Top 5 is a new section we’ve added to TSOFD (The Sound of Fighting Dogs). We’ve gone that little bit further just to see what makes you tick. Here you’ll find the Top 5 musical influences on artists whose music we’ve reviewed. We’ll be getting our noses down in the dirt to see what really inspires them; old and new since time began. Today’s Top 5 comes from Derry songsmith Conor McAteer, whose brand new album I Was An Astronaut was recently reviewed on SOFD –
1/ Mark Kozelek and Jimmy Lavalle – Perils From the Sea (2013)
Mark Kozelek, aka Sun Kil Moon, has reached a level in his career where there is no point even trying to compare his work to anyone else. Nobody writes quite like he does, so it’s surprising that he is also such a generous and prolific collaborator. Here, Jimmy Lavalle’s ambient electronica gives Kozelek the perfect platform on this slow-burning masterpiece. Probably my favourite album by anyone at the moment.
2/ Kenna – New Sacred Cow (2003)
New Sacred Cow came out following label changes after difficulties coming up with marketing strategies for an album that was a tad out of step with what was around at the time. I’ve never understood this need to label everything; it means that great music like this can end up slipping between the cracks. Still, Chad Hugo from the Neptunes produces this diverse but very accessible electronic pop album. Melodies? Check. Beats? Check. Emotional content? Check. High profile connections? Check. It should have been massive but it feckin’ wasn’t.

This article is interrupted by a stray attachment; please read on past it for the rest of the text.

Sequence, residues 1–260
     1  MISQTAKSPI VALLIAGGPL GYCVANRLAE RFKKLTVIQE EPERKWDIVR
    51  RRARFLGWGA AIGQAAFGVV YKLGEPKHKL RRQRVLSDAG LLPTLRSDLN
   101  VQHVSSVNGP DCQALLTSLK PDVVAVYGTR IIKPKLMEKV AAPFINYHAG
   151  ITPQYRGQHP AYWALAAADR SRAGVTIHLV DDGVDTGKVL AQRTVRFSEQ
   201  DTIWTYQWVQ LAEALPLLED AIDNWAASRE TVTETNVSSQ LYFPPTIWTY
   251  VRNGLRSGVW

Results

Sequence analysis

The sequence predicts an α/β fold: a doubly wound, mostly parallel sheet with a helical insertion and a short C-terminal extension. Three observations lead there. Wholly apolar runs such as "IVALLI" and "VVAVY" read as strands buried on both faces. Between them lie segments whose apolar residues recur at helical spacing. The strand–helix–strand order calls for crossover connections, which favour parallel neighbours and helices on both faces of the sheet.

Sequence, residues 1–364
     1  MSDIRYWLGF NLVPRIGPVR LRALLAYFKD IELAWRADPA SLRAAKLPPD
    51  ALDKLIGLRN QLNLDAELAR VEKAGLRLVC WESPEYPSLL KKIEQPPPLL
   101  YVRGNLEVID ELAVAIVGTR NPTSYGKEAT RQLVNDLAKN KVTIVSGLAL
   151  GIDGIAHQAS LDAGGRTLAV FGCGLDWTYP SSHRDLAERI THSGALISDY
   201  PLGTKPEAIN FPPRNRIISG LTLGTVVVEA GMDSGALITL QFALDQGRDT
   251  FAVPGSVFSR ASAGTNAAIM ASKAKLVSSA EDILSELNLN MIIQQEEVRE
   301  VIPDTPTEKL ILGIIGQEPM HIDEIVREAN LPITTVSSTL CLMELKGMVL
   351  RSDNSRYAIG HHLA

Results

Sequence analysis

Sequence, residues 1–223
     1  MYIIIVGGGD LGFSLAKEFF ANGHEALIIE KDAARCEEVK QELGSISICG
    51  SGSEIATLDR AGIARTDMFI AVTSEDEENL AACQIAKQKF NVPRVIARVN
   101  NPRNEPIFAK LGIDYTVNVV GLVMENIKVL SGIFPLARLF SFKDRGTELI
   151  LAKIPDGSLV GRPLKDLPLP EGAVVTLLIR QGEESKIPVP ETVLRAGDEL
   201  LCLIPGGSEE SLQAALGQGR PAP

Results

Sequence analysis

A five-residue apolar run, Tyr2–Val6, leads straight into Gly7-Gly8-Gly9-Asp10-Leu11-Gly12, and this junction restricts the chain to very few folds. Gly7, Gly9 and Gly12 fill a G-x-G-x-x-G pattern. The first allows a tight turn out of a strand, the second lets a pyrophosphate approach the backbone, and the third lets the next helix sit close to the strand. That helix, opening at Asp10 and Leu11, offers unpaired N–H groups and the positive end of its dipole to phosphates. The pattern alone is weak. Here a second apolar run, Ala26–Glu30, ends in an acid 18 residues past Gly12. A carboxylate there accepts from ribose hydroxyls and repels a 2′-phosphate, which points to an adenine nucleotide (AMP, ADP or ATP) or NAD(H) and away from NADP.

3/ Matthew Ryan – East Autumn Grin (2000)
Speaking of albums that should have been massive…Matthew Ryan is criminally underrated – a prolific and often brilliant songwriter. I don’t know if I read it somewhere, but I’ve always assumed this record was written in the wake of a pretty difficult break up. Whatever the circumstances, Ryan has found real beauty in the rubble. Lyrics like “now the days they are unwinding like an alarm clock, and the drift it is as steady as it is strong” are worthy of Cohen, Dylan, Joni or anyone you care to name. Pure poetry.
4/ Machine Head – Unto the Locust (2011)
I’ve no idea how I Was An Astronaut ended up so folky; I had Unto the Locust on heavy rotation while I was writing it. I’ve been aware of Machine Head since the mid to late 90s but a friend sent me this album at a time when I needed to hear something heavy and complex and I’ve become a huge fan of the band since. Ambitious, deeply imaginative, melodic, immaculately produced and louder than the hammers of blue Jesus: Unto the Locust is damn near perfect.
5/ Radiohead – OK Computer (1997)
The first time I heard Paranoid Android, I went “what the hell is this?!” Then the second time I heard Paranoid Android I went “No, seriously, what the hell is this?!” When the penny dropped, however, I saw Radiohead were a band who wouldn’t allow themselves to be defined. They could no longer be shoehorned into any movement, becoming their own movement, exploring their creativity and repeatedly reinventing themselves the way so many of the greats did before them. Recently, I listened to this album in full for the first time in quite a while. Was it really the unbridled masterpiece I thought it was when it was released? Of course it bloody was!